Filipino-American Community Gets a Lovingly Hilarious Tribute in Jo Koy’s Easter Sunday

In a time when studios are less inclined to take risks and many indie films are struggling to find a foothold with audiences that have more viewing choices than ever, specificity is the new universal.

Take the comedy Easter Sunday. It has what may be one of the oldest premises in existence – the struggling big city guy who returns home for a holiday with his crazy family. Complications ensue.

How to keep viewer attention when traveling such familiar ground? Chances are it won’t happen by going big. The family comedy is a genre that thrives on intimacy, and going the epic route means having to compete with the omnipresent beast that is the Marvel Cinematic Universe. So on-screen families have tended to get more diverse, turn out to be the chosen/found kind, as was the case in Minions: The Rise of Gru, or more commonly, representing the underrepresented, such as in Encanto.

Easter Sunday chooses representation, following stand-up comic Jo Koy, whose fictionalized version of himself, Joe Valencia, seems even lighter on the fiction part than usual. One crucial difference is that, unlike Jo Koy, Valencia’s success is mainly limited to a commercial whose residuals are enough to provide a good amount of comfort and impart some upward mobility to his son Junior (Brandon Wardell), who is able to enjoy the benefits of a private school and ritzy neighborhood that also somewhat isolates him from his Filipino culture.

But Easter Sunday is as much about confirming Jo Koy’s cool dad status as allowing Junior to find his way closer to his father’s side of the family and much of what he has missed out on, which naturally leads to a focus on the many things in Junior’s life Valencia has admittedly absented himself from in his drive to pursue acting.

And of Course…

Whether further complications are needed is an open question, but it is damn fun, especially when it includes Tiffany Haddish, who actually rocks a police uniform as the ex Valencia cheated on years ago. Her reappearance in Valencia’s life comes at the worst possible time, given that his choice to invest in his cousin Eugene’s (Eugene Cordero) truck led to a whole lot of idiotic decisions on Eugene’s part, including owing about $40,000 to local gangster Dev Deluxe (Asif Ali).

Such are the personalities in Valencia’s family, which include his feuding mother (Lydia Gaston) and aunt (Tia Carrere), his sister Regina (Elena Juatco), who is almost too hilarious and beautiful to pull off her role as a nurse who’s given up on her dreams, and other standouts like his uncle (Rodney To), who is armed with enough knives and hilarity to feasibly distract men holding him at gunpoint. Hell, even Junior’s love interest Ruth (Eva Noblezada) gets her moment to bail out the men who unintentionally pull her into their insanity.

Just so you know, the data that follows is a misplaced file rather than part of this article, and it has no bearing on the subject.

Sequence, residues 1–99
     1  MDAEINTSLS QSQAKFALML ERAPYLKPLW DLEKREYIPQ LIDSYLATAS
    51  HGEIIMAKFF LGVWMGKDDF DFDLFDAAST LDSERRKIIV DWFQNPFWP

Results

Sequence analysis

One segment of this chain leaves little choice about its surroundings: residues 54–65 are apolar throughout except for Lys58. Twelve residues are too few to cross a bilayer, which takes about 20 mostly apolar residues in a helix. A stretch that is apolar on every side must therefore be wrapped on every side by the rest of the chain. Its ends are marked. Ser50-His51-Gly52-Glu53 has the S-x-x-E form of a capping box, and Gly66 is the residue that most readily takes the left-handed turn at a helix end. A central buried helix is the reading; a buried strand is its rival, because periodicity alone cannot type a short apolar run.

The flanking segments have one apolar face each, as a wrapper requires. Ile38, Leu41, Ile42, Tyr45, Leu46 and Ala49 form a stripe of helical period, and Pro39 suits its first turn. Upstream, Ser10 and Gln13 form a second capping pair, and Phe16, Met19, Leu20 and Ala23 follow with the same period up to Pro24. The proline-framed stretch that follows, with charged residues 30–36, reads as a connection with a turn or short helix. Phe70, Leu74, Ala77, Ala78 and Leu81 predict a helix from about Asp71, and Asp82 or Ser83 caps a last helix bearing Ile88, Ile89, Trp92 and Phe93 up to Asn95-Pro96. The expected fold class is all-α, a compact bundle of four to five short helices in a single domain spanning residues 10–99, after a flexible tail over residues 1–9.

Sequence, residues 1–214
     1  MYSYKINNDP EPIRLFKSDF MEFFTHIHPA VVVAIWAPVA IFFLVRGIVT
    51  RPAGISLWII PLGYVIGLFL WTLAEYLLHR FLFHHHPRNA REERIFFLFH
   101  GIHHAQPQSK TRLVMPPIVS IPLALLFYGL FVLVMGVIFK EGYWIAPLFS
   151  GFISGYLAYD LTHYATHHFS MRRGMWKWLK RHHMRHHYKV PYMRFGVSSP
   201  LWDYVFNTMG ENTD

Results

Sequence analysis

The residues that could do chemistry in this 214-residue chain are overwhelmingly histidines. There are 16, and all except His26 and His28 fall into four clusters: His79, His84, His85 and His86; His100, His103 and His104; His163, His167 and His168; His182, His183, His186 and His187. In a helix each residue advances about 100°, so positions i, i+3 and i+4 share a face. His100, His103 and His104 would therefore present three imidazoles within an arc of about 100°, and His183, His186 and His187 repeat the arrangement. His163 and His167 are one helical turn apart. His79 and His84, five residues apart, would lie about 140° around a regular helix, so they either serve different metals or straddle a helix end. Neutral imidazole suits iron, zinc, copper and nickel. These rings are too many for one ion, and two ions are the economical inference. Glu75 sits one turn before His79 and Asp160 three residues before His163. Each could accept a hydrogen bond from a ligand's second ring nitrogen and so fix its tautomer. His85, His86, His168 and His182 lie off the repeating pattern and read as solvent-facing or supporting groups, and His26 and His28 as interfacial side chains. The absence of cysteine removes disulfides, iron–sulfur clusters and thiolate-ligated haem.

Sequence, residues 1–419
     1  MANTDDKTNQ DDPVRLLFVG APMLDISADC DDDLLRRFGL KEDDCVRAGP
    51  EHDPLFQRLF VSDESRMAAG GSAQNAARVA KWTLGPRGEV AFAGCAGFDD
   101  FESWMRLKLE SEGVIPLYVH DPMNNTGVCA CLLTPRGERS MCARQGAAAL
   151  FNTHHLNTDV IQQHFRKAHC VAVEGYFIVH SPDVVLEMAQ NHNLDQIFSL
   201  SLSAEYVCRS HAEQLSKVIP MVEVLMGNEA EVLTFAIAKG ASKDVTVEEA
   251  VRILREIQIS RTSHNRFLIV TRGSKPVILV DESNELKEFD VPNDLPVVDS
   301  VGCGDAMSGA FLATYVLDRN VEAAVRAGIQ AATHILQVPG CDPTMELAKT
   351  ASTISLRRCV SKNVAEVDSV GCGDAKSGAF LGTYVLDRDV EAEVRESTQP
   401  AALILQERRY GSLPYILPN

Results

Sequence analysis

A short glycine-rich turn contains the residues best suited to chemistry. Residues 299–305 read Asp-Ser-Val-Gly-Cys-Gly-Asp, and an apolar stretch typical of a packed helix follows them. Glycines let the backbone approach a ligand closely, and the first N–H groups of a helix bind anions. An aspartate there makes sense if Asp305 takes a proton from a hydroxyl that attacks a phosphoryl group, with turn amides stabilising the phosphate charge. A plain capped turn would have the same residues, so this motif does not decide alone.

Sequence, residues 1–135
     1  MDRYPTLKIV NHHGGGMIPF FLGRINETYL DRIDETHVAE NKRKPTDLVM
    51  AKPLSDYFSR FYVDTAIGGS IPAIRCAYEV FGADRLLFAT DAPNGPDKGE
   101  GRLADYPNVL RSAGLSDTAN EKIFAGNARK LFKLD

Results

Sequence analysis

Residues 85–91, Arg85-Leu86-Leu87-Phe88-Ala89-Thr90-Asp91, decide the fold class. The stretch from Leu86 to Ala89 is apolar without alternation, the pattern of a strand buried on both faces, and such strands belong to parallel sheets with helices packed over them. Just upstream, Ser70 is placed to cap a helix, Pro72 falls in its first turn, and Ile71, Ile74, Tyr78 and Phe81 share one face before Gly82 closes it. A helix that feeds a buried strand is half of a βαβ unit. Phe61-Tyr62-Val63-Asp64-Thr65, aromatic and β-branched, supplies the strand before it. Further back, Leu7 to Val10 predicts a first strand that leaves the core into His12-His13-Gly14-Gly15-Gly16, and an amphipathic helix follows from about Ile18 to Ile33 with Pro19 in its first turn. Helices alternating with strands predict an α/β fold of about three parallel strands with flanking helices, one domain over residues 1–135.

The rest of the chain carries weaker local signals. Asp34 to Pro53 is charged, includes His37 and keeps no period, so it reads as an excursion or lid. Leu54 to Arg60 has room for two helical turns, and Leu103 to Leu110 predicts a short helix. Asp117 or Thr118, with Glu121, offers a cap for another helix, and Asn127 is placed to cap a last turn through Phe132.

All of them are enough to practically steal the show from the crime subplot, which includes a literal piece of Filipino-American history. Much of the film’s marketing seems to agree, with the focus remaining on an ensemble who are clearly overjoyed to be making a love letter to the Filipino-American community, and Daly City in general, which Easter Sunday doesn’t even attempt to elevate to cool status.

But with a cast like this, which also gets Lou Diamond Phillips (playing a fictionalized version of his Scottish-Filipino self) as the guy who confirms Valencia’s commitment to remaining true to himself rather than allowing Hollywood to stick him in yet another box.

If director Jay Chandrasekhar grew up in Chicago’s Indian rather than the Filipino community, he can no doubt relate to a number of the points made. The Super Troopers sequel aside, Easter Sunday is a return to movies after a long absence, with Chandrasekhar shifting his focus to helming various episodes of a wide range of TV comedies. But he’s always had a flair for the genre and silliness in general, and that the many plots and subplots to those plots in Easter Sunday flow so organically is a tribute to skills that have been sharpened to a razor point.

Yes, Easter Sunday crams a whole lot into its 96 minutes, but it coalesces well enough to enjoy watching Valencia try to stay sane in the midst of family drama, which has more than enough fuel to burn hot even into the end credits. And in the end, what is more relatable than such loving family dysfunction?

Rating: 9/10 SPECS

Easter Sunday rises in theaters on Friday, August 5th.  Follow us here for the latest on all the movies currently in theaters.

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This article was produced and syndicated by Wealth of Geeks.

Featured Image Courtesy of Amblin/Dreamworks.


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Andrea Thompson is a writer, editor, and film critic who is also the founder and director of the Film Girl Film Festival.

She is a member of the Chicago Indie Critics and runs her own site, A Reel Of One's Own, and has written for RogerEbert.com, The Spool, The Mary Sue, Inverse, and The Chicago Reader. She has no intention of becoming any less obsessed with cinema, comics, or nerdom in general.